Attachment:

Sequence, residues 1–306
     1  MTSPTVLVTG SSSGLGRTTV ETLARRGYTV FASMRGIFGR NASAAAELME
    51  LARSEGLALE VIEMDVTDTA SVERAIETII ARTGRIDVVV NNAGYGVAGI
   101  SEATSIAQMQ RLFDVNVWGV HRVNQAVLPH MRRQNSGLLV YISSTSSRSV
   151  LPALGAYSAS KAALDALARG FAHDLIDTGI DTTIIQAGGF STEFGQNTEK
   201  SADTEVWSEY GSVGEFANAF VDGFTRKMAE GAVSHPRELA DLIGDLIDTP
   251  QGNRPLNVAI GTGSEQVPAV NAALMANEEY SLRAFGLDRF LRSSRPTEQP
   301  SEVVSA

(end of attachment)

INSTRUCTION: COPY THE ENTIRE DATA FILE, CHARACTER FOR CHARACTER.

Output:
Sequence, residues 1–306
     1  MTSPTVLVTG SSSGLGRTTV ETLARRGYTV FASMRGIFGR NASAAAELME
    51  LARSEGLALE VIEMDVTDTA SVERAIETII ARTGRIDVVV NNAGYGVAGI
   101  SEATSIAQMQ RLFDVNVWGV HRVNQAVLPH MRRQNSGLLV YISSTSSRSV
   151  LPALGAYSAS KAALDALARG FAHDLIDTGI DTTIIQAGGF STEFGQNTEK
   201  SADTEVWSEY GSVGEFANAF VDGFTRKMAE GAVSHPRELA DLIGDLIDTP
   251  QGNRPLNVAI GTGSEQVPAV NAALMANEEY SLRAFGLDRF LRSSRPTEQP
   301  SEVVSA